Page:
If you tinker with firearms long enough, you will accumulate spare guns and spare parts, so here’s a spare parts story: A few years ago I purchased a Savage 300 win mag specifically for a long range class I was taking.
During that class I experienced some feeding issues which led me to build up a different win mag on a Defiance action and the Savage went on Gunbroker. The squirrely uh… individual who purchased it was a nightmare to deal with, and as soon as he received it, he was claiming the barrel was shot-out (which it wasn’t… by the way) and threatening to post negative reviews, etc… Because I’m a good guy who values his reputation I agreed to take the rifle back and from there it eventually wound up in separate pieces, most of which found their way … Read More »
By: Instructor Jeremy Decker
Precision rifle shots can be taken from a variety of field positions, however, it is widely accepted that shooting from prone offers the most stability, it’s also typically the first position used while learning scoped rifle-craft. What makes the prone position most stable is its low center of gravity and maximum contact with the ground for both the rifle, and the shooter. The most stable geometric shape is the triangle; therefore, the rifle is most stable when it has 3 solid points of contact with the ground. The front of a rifle supported by a bipod creates 2 of these points of contact. Stabilizing the rear of the rifle when shooting from the prone position can be accomplished in a number of ways; but is made much easier with a physical support of some kind, such as … Read More »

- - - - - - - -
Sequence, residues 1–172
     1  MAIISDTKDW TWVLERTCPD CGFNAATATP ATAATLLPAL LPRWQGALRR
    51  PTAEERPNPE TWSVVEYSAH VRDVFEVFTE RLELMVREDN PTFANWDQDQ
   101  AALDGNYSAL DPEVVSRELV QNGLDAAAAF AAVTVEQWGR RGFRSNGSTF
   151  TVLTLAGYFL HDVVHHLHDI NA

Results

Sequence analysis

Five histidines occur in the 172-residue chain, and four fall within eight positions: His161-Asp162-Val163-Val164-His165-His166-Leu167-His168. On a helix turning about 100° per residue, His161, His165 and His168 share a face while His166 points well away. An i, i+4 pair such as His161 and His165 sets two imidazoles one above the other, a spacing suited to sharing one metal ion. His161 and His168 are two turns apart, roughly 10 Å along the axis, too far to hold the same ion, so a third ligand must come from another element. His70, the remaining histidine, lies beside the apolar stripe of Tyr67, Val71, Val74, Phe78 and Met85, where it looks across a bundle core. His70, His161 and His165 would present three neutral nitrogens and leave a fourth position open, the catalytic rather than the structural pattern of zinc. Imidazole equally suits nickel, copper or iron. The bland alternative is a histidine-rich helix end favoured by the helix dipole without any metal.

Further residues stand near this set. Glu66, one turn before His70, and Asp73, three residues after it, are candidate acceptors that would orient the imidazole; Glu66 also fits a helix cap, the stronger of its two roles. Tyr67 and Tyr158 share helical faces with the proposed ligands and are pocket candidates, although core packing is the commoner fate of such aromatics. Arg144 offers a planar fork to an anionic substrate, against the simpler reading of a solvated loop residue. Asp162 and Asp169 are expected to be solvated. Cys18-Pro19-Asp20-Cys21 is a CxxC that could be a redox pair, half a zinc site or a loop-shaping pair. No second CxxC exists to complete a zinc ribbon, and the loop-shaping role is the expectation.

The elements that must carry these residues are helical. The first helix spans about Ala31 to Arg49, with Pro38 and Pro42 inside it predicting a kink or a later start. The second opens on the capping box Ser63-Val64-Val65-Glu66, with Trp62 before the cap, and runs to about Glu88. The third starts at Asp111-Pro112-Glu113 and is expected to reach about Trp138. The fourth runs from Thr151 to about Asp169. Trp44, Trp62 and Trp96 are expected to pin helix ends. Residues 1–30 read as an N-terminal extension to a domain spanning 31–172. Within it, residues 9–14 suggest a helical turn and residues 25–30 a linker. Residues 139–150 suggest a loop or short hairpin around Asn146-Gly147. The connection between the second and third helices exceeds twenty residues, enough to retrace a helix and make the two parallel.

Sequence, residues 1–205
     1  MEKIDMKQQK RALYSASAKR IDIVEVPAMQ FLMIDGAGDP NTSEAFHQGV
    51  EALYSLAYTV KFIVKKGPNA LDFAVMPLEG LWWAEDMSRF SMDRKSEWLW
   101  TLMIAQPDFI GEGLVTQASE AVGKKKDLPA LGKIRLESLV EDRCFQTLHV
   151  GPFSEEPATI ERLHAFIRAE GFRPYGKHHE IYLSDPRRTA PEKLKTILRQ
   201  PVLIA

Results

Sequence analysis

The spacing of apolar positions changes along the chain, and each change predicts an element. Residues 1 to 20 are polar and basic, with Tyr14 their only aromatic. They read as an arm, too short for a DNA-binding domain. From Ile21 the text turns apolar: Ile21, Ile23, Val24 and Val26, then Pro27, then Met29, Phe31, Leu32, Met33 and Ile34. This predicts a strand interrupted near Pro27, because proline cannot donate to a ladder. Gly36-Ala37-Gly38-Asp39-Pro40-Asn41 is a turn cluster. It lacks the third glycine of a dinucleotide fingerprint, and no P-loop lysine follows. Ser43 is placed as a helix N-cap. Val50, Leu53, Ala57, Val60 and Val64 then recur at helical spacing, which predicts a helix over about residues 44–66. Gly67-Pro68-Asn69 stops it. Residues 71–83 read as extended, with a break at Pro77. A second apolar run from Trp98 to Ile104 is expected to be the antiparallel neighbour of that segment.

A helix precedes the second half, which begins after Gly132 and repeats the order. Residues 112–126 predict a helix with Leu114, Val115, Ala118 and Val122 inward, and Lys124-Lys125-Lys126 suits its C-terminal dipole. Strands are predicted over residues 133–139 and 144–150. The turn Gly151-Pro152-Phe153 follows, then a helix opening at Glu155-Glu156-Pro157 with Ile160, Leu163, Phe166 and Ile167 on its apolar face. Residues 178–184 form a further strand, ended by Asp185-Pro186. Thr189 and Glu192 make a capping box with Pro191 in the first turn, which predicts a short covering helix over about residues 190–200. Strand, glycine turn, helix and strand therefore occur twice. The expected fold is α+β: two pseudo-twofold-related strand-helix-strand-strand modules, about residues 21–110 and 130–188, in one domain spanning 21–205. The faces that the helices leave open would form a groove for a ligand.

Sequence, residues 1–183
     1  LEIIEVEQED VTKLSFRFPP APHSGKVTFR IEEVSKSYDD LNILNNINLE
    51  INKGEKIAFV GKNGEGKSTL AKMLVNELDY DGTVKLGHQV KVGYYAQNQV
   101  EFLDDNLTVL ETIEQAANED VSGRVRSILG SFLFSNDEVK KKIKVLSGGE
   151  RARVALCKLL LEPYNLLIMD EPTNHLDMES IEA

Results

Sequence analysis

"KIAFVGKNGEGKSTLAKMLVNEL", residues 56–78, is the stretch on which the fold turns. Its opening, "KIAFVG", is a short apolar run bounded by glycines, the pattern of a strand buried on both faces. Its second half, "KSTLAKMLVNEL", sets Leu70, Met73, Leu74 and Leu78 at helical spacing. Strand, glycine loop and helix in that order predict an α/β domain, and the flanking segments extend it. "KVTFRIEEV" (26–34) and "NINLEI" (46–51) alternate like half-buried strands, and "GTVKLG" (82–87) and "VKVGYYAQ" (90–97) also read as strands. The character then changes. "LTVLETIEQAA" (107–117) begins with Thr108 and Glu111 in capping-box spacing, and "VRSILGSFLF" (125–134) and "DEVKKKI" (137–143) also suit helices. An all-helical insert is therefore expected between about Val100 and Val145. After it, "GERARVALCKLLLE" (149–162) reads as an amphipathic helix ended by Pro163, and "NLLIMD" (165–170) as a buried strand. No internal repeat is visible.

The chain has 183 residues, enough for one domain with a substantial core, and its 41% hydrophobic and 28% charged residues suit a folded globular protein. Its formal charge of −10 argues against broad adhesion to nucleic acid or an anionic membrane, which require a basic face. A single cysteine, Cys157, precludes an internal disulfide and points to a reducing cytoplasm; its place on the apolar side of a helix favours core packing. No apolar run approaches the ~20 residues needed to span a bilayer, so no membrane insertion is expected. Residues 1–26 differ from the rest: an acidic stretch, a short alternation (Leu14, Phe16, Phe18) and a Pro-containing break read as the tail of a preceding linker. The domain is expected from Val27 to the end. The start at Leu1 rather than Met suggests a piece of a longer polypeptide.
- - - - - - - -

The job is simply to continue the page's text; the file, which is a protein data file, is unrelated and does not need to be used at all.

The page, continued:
Here’s a quick and cheap way to make yourself some really good shooting sticks. Start with 3 fiberglass driveway markers from the local hardware store. These sticks are 4-foot long and approximately 1/4″ in diameter. They are available at the local hardware store for about $2.00 each usually.
You also need some duct tape, preferably camouflage, and some cloth camouflage tape. I like the Allen Company cloth camo tape, available on Amazon. I use this type of cloth tape because the ligature will slide on it easily.
…and 36-inches of paracord.
Start by unrolling a 48″ length of the duct tape, lay it sticky side up next to one of the sticks…
…and roll it all the way around the stick keeping it as smooth and even as you can…
…until the stick is completely covered. This layer of tape helps to camouflage the sticks if … Read More »